How Pixar Fosters Collective Creativity Part 1

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A number of years ago Ed Catmull of Pixar wrote an article titled How Pixar Fosters Collective Creativity in the Harvard Business Review Journal.  In it, he talks about how innovation is important when it comes to running a business. If you are doing the same thing you have been doing year after year, you might be doing something wrong—or, you might be doing something right.

Structuring your process to foster creativity and advancement could be the best bet for staying ahead—or getting ahead—in your industry. If you create a structure for innovation, it ensures that what you are doing is always improving upon itself. I love this concept and admire the movie-making method of Pixar in constantly growing and improving.

Beginning with its innovative release of Toy Story in 1995—the world's first-ever computer-animated feature film—the company has gone on to produce a total of nineteen feature films, all of which have debuted with CinemaScore ratings of at least an "A-." This means consistent positive audience receptions on every film they have ever produced. More impressive than this, fourteen of Pixar's nineteen films are among the 50 highest-grossing animated films of all time, and three of Pixar's films—Finding Nemo, Finding Dory, and Toy Story 3—are among the 50 highest-grossing films of all time.

Pixar has been doing the same thing year after year, and that is why they have continued to have positive responses to the movies they have made, even when their competitors have had big flops at the box office. But for Pixar, doing the same thing year after year does not mean a cookie-cutter plot that makes their movies predictable—no, Pixar doing the same thing means utilizing a set structure that forces constant innovation.

It's called...collective creativity. Here’s what it means.  

According to Ed Catmull, co-founder of Pixar and president of Pixar and Walt Disney Animation Studios, it all boils down to this:  people who hold creative positions are given extra power, employees are encouraged to help each other produce the best work possible, communication between staff members does not have to go through "proper channels," optional courses are offered so that employees are constantly being challenged to learn, and post-project discussions are structured to be fruitful and data-based. In other words, Pixar has created an environment where the power for creation and innovation goes to the creative people actually producing their films, not to the company's corporate executives or a development department.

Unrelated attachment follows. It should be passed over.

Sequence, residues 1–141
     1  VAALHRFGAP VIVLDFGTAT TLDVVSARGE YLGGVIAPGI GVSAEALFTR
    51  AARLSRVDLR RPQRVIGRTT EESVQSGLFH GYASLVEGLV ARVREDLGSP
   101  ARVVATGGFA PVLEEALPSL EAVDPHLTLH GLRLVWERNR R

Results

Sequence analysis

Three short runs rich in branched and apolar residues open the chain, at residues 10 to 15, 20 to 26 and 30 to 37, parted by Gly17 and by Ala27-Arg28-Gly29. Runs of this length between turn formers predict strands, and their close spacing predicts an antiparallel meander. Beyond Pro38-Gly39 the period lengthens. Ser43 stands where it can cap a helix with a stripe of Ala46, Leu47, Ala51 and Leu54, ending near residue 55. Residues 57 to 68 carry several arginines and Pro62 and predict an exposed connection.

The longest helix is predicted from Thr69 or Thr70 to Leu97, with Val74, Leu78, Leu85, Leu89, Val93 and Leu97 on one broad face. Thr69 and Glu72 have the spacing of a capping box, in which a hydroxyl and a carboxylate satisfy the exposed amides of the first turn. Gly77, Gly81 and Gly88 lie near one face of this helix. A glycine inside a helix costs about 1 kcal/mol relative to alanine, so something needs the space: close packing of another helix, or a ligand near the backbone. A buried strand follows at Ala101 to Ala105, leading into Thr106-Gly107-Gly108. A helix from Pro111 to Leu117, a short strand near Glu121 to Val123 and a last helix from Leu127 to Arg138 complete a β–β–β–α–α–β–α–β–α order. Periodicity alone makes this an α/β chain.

Pixar's process has given them an exceptional track record of success, and the process stems from a unique perspective. According to Catmull, "People tend to think of creativity as a mysterious solo act, and they typically reduce products to a single idea...[but] the initial idea for the movie...is merely one step in a long arduous process that takes four to five years." This has led Catmull to a conviction that smart people are more important than good ideas, which is why Pixar places so much weight on fostering a great working environment for their "creatives."

After the production of Toy Story 2, Pixar changed their processes. The development department—which in most studios is responsible for coming up with new movie ideas—took on a new role of assembling small teams of a director, a writer, some artists, and a few storyboard people, with the goal of finding individuals who work effectively together, solve problems, and ultimately refine their own ideas to a point where they have the potential to become great films. In this way, from idea generation to production, Pixar's films are truly "filmmaker led."

I love Pixar's operating principles, and I believe it is what makes their company so unique:

  1. Everyone must have the freedom to communicate with anyone.
     
  2. It must be safe for everyone to offer ideas.
     
  3. We must stay close to innovations happening in the academic community.

Pixar has created a structure which effectively helps them be innovative and creative. Employees know what to expect because there is consistency in process, a consistency which does not hold them back, but instead breeds freedom for creativity within the safety of known boundaries. They do not shy away from sharing their technological breakthroughs with the academic community, and in the process, they foster advancement within their own team, but also attract talent from outside.

Pixar continues to do the same thing year after year, but they would not have it any other way.

If you get a chance to read the article in full I highly encourage you to.  It’s well worth the time.

https://hbr.org/2008/09/how-pixar-fosters-collective-creativity